“a group of computers (or discrete networks) networked together over a public network—namely, the internet.” Lifehacker

Simply put, a VPN encrypts everything going from, or coming to, your computer. This includes everything from confidential client information to your username and password. Never forget that every time you use your phone to access your company email, your password and username is being verified through whatever internet connection you are using. It is easily intercepted.

Many firms will already offer VPN’s. Ensure, however, that you have a VPN portal installed on any device you use for end to end security. If you are still in search of some good VPN options, this guide from The Lawyerist can offer some advice.

Don’t make your inbox a phishing ground

Key to many recent ransomware attacks, ‘phishing’ is the most common infiltration method for viruses. How does it work? Phishing usually involves sending fraudulent emails, pretending to be reputable companies in order to illegally obtain sensitive information. Most commonly passwords or usernames. The emails often direct parties to external websites, ostensibly to fill in information or as a means of infecting the host with malware. Phishing scams are often highly sophisticated. Scammers will put a lot of effort into impersonating clients or business partners. The websites they set up are often very convincing.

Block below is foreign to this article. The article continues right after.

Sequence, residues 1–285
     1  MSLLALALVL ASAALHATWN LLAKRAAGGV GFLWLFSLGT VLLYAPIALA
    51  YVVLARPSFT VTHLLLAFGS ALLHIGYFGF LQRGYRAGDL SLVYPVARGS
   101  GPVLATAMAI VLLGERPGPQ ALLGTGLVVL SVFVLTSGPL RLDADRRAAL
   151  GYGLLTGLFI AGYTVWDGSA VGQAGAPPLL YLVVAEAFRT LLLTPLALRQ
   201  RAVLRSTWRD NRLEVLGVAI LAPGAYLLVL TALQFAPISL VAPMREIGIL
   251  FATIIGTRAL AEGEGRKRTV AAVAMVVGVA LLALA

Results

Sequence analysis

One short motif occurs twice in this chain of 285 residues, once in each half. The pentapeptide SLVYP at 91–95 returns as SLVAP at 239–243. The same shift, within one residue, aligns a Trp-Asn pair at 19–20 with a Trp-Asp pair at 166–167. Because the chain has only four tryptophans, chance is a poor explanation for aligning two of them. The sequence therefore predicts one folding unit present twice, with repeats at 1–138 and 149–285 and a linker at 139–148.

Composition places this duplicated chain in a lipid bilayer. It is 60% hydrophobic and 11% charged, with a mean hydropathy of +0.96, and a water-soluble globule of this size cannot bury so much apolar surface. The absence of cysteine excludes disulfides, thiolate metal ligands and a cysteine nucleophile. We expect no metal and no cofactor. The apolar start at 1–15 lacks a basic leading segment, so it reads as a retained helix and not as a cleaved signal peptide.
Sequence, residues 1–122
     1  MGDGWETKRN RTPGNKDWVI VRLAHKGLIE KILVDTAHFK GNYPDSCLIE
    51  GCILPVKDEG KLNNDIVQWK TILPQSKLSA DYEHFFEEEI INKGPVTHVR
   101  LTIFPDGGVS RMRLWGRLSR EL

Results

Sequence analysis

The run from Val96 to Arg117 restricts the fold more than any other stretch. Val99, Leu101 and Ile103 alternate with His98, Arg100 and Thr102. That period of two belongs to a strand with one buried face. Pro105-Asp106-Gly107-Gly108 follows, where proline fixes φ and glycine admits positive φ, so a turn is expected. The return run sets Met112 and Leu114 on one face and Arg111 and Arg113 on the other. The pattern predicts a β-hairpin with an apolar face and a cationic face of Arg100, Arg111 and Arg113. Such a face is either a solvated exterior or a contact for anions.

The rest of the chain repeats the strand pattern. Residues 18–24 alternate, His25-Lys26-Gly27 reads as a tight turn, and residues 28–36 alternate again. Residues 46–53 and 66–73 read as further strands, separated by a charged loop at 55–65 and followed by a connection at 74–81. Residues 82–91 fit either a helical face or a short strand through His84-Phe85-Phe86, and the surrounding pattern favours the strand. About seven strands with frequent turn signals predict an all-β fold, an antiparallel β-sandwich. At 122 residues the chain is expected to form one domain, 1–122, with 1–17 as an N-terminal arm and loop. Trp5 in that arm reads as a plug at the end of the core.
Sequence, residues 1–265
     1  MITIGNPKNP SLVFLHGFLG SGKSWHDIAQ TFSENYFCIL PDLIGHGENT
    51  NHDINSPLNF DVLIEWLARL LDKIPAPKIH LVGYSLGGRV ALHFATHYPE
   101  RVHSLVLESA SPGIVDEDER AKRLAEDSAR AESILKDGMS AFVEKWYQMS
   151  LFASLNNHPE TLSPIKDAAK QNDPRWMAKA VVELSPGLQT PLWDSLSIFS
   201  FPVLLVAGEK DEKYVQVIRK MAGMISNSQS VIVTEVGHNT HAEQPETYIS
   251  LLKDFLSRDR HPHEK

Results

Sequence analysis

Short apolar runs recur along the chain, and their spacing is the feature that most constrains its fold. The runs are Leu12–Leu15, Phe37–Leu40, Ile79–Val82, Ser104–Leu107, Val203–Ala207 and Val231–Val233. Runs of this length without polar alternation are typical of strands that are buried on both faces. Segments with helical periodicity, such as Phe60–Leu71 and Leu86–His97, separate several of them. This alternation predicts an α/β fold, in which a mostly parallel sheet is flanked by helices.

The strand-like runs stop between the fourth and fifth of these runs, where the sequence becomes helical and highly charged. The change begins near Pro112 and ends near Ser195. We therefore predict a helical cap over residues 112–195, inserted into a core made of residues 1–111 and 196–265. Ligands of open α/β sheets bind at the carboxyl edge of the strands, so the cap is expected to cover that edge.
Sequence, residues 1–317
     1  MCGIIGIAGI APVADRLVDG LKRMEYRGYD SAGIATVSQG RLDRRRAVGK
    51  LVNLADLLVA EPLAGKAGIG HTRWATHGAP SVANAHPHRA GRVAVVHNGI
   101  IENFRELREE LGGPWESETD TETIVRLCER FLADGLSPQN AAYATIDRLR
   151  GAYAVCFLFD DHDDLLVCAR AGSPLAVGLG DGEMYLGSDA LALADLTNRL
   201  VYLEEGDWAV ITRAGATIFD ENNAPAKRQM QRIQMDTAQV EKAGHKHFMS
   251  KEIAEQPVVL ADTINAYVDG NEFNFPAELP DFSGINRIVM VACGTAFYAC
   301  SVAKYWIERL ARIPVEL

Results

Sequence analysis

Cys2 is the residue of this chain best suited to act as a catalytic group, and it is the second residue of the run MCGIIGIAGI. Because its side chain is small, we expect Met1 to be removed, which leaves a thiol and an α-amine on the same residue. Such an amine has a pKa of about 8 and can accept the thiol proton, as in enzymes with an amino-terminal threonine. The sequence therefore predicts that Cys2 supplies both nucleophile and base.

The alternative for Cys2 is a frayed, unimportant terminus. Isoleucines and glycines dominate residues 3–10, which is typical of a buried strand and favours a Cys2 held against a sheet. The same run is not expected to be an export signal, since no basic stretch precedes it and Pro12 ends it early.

So how to avoid being lured in? First, ensure you have a good mail management system. Both Outlook and Gmail are excellent at weeding out phishing emails. Second, don’t open attachments from unrecognised email addresses. Don’t open attachments with unfamiliar looking extensions (such as pif, exe or something else). Not even from a recognised email address. The same goes for links. If anything seems funky, call your help desk.